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CHAPTER 13 MEASURING AND FORECASTING DEMAND LEARNING OBJECTIVES Know the definition of demand and its application and importance in tourism development planning. Understand the factors determining the magnitude and fluctuations of demand. Become able to apply various methods to measure and forecast demand. CHAPTER OUTLINE Outline Summary Point of Emphasis 1. Why demand is important Data on demand are vital to any tourism organization, supplier, finance source, developer or prospective developer. Also needed to evaluate essential promotion. Demand: number of arrivals, modes of transportation used, length of stays, expenditure patterns, total expenditures. 2. Demand to a destination Explain equation: D = F (Propensity, Resistance). Consider traveler’s psychographic profile, motivation, socio- economic status, and demographic characteristics. Resistance depends upon attractiveness of various destinations, economic distance, costs, quality of services, effectiveness of advertising, seasonality. Resistance is inversely related to demand. 3. Measuring demand Strongly limited and influenced by quantity and quality of supply components. Actual measures are visitor arrivals, visitor days or nights, amounts spent. D = No. of Visitors x av. No. of Days and/or Nights at destination. Such data of great interest to park managers (days) and lodging managers (nights). D = No. of Visitor Days and/or Nights x av. Expenditure per Day/Night. This expenditure data most easily understood by the public and politicians. Expenditures can also be calculated using certain tax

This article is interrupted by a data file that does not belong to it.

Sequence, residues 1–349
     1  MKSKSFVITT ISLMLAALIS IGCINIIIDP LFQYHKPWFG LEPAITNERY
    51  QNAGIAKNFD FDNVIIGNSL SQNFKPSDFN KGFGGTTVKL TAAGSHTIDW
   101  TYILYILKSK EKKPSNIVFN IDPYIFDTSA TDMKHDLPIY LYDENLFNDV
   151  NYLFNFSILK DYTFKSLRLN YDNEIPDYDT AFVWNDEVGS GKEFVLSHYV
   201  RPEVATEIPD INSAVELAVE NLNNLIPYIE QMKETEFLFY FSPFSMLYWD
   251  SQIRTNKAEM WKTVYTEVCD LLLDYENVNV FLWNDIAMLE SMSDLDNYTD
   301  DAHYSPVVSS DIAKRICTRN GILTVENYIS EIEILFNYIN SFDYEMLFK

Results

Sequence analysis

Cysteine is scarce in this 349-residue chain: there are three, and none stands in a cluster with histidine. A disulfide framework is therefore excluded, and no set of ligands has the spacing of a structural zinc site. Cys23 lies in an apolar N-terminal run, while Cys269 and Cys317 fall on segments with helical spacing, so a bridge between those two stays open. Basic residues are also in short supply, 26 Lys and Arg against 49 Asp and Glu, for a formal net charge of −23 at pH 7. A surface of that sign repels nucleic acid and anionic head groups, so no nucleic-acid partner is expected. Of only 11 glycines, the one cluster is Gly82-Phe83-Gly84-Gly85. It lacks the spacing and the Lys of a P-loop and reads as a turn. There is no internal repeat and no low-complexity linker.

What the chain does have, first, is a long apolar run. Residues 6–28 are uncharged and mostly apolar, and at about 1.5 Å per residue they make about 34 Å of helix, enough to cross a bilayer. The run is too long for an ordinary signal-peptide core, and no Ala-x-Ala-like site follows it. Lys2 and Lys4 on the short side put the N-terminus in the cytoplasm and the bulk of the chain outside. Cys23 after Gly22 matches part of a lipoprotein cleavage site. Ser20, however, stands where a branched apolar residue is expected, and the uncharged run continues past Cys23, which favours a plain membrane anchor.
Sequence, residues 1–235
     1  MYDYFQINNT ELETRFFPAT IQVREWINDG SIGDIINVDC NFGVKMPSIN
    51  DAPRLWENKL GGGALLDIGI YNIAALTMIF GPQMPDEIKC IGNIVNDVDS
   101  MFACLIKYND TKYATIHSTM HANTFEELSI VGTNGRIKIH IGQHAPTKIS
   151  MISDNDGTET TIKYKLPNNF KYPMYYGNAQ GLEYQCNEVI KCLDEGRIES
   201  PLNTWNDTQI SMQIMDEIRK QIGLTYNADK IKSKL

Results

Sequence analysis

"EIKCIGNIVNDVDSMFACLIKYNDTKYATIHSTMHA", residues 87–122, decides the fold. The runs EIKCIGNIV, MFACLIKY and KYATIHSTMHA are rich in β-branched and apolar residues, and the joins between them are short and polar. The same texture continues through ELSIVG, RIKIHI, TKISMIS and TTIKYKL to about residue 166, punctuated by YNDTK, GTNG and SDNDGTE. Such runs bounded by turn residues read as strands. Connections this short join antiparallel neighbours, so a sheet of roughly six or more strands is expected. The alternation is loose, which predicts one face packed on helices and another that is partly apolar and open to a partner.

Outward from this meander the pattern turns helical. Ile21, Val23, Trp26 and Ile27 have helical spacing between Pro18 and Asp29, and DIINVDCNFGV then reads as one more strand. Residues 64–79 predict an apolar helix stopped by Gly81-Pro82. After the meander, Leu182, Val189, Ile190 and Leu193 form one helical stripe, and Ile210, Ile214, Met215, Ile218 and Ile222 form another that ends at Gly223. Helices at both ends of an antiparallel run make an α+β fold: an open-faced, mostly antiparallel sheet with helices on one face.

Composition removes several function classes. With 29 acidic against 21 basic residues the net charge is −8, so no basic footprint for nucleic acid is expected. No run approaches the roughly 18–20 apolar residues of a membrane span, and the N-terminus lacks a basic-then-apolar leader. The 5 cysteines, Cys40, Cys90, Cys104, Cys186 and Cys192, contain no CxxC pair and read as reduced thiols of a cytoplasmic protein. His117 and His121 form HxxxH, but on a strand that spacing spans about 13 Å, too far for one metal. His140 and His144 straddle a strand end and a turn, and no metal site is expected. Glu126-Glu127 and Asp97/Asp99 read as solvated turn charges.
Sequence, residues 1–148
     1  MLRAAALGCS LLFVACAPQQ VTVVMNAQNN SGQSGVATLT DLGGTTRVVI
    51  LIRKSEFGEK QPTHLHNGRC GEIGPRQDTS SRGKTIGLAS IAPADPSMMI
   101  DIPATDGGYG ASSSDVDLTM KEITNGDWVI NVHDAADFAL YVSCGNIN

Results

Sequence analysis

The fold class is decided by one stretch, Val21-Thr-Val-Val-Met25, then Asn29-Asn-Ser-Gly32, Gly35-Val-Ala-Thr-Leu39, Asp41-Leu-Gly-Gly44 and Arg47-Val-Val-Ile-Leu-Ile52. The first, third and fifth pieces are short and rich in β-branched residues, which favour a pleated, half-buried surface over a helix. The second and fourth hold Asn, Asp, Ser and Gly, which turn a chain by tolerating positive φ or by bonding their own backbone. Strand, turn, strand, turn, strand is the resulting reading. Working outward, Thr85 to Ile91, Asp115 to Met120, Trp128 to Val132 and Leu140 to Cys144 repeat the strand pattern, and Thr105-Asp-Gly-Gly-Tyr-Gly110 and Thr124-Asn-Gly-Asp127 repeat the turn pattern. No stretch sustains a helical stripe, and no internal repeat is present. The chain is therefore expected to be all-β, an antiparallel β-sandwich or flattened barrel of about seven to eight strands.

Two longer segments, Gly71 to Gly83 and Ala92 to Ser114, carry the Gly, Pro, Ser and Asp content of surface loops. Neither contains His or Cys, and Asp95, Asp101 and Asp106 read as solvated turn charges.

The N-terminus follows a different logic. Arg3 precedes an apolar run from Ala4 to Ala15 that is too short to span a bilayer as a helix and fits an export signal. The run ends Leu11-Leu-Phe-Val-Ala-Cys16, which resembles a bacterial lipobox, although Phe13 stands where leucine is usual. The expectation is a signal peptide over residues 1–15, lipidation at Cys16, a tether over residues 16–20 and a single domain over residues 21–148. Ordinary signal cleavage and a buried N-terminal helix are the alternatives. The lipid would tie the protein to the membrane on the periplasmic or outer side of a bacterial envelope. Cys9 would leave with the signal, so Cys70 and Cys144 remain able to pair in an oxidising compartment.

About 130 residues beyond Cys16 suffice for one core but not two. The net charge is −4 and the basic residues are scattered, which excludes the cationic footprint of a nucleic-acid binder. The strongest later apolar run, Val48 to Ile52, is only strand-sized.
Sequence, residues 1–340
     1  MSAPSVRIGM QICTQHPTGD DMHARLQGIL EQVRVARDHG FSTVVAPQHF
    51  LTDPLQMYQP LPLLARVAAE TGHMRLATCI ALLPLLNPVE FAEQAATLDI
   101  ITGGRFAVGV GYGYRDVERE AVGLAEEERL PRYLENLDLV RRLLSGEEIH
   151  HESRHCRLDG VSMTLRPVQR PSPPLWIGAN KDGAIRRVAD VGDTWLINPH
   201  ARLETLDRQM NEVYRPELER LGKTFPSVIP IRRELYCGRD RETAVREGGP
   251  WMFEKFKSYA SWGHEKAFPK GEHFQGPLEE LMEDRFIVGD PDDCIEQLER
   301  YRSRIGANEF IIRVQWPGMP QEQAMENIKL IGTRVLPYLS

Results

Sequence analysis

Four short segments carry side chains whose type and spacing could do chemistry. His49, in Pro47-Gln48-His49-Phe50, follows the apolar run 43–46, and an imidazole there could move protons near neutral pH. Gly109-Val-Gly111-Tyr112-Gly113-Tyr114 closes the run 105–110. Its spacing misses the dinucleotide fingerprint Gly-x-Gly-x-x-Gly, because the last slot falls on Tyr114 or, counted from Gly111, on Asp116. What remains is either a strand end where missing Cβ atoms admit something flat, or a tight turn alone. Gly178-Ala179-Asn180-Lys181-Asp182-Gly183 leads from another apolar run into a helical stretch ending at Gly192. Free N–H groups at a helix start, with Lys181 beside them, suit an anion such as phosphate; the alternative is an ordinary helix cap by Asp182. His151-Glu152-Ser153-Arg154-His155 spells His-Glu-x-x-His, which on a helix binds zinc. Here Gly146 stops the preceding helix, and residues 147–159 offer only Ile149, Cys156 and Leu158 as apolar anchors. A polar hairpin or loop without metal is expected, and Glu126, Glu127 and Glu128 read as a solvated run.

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This note was uploaded on 04/15/2009 for the course HTM 2454 taught by Professor Bjmihalik during the Spring '06 term at Virginia Tech.

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